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Malaysia Air and Ukraine May Both Be Sued for Downed Jet


Airline could be forced to pay millions to victims’ families due to Montreal Convention rules.

Malaysia Airlines could be forced to pay millions of dollars in damages to the families of those killed onboard Malaysia Airlines Flight 17, while lawsuits to both the airline and other parties could increase figures even further than those guaranteed. The flight crashed in Ukraine on July 17, killing 298 passengers and crew.

Under the rules of the Montreal Convention, which Malaysia accepted in 2007, commercial air carriers operating under the international agreement are liable for damages due to bodily injury or death. The liability level is defined by the International Monetary Fund, and is currently set at over $100,000 per victim. Though Malaysia has a condition for military authorities in their acceptance of the Convention, the situation does not apply to MH17.

According to The Rakayt Post, Malaysia Airlines has offered an advance payment to families as part of a complete damages award. An unidentified spokesperson of Malaysia Airlines told the newspaper: “The payment being offered is not conditional on the families waiving any rights to claim further compensation from the airline and that the families remain free to take whatever further legal action they deem appropriate.”

Despite this payment, some families are taking legal action against additional parties as a result of the incident. NBC News reports that the families of three German victims will sue the Ukrainian Government for alleged negligence in ensuring the safety of the commercial airliner.

The families of Olga Ioppa, 23, Andre Anghel, 24, and another unidentified German victim, will seek over $1.29 million per victim through the European Court for Human Rights. According to Reuters, the lawsuit will allege that by not closing airspace over Ukraine, the nation and President Petro Poroshenko may have been responsible for manslaughter.

“Ukraine neglected its responsibility to guarantee the safety of the airspace over its territory,” Elmar Giemulla, the attorney representing the German families, told NBC News. “It would have been an easy measure.”

While the airspace was closed immediately after the incident, News.com.au reports that many airlines were avoiding the airspace prior to the crash. U.S.-based air carriers traveling international routes were not flying over parts of Ukraine after an FAA advisory issued April 3 and Qantas elected not to fly routes over Ukraine.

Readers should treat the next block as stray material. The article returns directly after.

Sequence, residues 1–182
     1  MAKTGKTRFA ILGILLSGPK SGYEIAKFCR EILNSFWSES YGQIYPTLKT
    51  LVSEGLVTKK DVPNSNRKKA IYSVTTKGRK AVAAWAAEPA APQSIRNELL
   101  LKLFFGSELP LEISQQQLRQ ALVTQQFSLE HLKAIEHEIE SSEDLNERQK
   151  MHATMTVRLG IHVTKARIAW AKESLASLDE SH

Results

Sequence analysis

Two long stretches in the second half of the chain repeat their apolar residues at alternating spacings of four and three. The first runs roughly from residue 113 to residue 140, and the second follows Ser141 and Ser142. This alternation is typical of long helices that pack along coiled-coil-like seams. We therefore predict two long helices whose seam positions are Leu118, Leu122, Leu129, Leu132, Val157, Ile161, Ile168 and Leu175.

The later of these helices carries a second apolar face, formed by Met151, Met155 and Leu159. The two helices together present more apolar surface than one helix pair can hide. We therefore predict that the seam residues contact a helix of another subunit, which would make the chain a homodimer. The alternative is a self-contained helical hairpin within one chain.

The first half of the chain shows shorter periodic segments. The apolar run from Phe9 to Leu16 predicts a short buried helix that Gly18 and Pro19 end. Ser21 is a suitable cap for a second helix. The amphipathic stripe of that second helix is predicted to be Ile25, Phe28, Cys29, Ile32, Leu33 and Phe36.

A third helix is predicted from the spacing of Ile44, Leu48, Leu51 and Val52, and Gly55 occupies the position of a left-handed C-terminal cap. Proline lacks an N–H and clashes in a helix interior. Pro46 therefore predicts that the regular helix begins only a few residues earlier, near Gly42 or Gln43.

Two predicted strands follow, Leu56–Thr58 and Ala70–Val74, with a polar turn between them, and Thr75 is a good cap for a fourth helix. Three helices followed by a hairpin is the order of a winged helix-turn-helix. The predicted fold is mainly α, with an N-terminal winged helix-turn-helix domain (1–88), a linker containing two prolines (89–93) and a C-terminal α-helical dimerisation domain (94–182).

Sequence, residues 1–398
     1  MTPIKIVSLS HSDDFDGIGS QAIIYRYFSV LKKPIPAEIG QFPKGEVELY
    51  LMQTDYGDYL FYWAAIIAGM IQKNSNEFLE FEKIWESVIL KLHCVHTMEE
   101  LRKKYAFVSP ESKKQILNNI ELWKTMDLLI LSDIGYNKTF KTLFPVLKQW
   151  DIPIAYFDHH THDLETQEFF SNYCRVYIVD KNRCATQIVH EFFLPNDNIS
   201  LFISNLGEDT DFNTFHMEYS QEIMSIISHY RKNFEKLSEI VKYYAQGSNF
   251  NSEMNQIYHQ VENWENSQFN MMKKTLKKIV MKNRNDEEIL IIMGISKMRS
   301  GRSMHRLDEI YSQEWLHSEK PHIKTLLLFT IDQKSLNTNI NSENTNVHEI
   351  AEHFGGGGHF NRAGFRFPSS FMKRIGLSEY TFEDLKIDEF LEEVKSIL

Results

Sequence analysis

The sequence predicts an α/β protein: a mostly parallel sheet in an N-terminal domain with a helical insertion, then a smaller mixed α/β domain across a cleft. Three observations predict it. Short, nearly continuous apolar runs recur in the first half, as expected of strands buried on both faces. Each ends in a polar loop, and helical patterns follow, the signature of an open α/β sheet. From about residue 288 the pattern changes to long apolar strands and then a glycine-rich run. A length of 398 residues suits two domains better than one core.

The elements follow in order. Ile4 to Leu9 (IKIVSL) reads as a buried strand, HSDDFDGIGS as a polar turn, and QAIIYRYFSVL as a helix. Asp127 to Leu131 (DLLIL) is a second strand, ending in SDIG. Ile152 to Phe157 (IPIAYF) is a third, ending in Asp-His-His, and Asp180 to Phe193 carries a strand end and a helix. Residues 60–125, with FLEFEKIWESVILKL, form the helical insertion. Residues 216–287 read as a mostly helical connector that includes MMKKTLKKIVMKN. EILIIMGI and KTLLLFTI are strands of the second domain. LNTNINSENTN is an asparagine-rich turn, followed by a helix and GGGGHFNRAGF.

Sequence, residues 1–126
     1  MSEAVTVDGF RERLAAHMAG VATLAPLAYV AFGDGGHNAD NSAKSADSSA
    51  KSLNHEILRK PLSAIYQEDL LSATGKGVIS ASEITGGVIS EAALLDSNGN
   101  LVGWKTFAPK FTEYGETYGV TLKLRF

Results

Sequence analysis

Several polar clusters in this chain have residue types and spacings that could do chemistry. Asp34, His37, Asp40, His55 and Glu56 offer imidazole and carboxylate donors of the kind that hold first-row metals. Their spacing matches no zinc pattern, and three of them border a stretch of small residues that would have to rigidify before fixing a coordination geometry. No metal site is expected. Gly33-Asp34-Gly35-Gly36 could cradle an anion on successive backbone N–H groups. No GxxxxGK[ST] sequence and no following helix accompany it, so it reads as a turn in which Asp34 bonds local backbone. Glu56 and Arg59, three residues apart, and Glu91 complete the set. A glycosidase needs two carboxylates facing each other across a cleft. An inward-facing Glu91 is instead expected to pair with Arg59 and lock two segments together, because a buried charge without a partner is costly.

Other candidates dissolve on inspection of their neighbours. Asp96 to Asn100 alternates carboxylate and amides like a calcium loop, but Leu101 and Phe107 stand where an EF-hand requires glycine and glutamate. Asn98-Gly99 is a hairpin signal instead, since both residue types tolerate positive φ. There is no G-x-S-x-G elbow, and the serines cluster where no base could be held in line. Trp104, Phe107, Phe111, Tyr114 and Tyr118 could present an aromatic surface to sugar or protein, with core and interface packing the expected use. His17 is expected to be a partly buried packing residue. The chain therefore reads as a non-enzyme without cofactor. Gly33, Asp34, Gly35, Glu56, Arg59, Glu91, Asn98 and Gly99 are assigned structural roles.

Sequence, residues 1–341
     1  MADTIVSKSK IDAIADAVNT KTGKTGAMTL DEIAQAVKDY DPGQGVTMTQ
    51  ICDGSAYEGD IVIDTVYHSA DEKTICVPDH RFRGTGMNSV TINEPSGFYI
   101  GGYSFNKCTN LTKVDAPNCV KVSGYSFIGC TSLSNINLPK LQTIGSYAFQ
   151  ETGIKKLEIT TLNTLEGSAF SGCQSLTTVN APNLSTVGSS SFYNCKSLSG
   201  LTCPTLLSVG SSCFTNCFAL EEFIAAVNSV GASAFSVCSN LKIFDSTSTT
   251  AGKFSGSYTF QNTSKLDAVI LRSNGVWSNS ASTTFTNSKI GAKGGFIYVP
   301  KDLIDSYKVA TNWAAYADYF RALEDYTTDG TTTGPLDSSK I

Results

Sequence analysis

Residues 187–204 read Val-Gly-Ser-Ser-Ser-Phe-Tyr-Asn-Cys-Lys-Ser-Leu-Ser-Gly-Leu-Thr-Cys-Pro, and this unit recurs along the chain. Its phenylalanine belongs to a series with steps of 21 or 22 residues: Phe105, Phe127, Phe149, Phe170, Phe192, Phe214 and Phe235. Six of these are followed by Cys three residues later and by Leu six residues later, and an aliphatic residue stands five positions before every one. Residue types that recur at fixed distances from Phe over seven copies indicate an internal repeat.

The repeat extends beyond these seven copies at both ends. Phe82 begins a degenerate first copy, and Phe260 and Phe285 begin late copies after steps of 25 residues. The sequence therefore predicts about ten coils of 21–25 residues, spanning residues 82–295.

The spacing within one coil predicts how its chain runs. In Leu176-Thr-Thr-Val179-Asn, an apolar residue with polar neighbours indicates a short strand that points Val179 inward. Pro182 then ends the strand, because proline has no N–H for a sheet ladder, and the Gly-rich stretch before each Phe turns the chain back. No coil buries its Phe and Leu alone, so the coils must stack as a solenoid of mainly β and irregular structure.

The lawsuit against Ukraine comes as the team investigating the incident is releasing their initial findings. The Guardian reported in early September that the Dutch Safety Board released an initial finding that the airliner was brought down by “a large number of high energy objects.” The reports did not speculate as to what the objects were.

As the investigation continues, many experts believe more lawsuits will follow for Malaysia Airlines. However, attorneys for other families are calling for a swift resolution.

“It could be resolved quickly… the whole thing just cries out for let’s all sit down, the airline, the countries and let’s agree on a resolution,” Jerry Skinner, an attorney for two families affected by MH17, told News.com.au. “People in this situation, everything that happens that they don’t understand or expect, exacerbates the grief and makes it worse.”

[Photo: iStock]

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Himeno September 23, 2014

"Qantas elected not to fly routes over Ukraine." Qantas "elected" not to fly over Ukraine by changing their hub from SIN to DXB and that happened more then a year before the MH17 incident.

relangford September 23, 2014

It seems the only parties not being sued are those that shot the plane down! The pro-Russian rebels who so gleefully announced to the world that they shot down a plane seem to be getting a pass.